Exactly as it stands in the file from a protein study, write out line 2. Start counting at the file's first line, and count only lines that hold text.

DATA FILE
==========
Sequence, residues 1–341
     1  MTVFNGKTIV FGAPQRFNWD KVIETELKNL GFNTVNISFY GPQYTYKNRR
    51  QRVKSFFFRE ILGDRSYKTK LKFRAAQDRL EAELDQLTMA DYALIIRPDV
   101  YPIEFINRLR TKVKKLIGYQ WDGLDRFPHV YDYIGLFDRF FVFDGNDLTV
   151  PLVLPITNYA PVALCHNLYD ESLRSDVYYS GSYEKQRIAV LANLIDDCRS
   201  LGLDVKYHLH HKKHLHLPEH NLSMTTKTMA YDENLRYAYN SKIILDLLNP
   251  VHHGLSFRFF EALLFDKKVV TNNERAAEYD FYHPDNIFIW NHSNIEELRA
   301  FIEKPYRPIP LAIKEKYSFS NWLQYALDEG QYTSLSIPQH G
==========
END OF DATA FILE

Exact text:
     1  MTVFNGKTIV FGAPQRFNWD KVIETELKNL GFNTVNISFY GPQYTYKNRR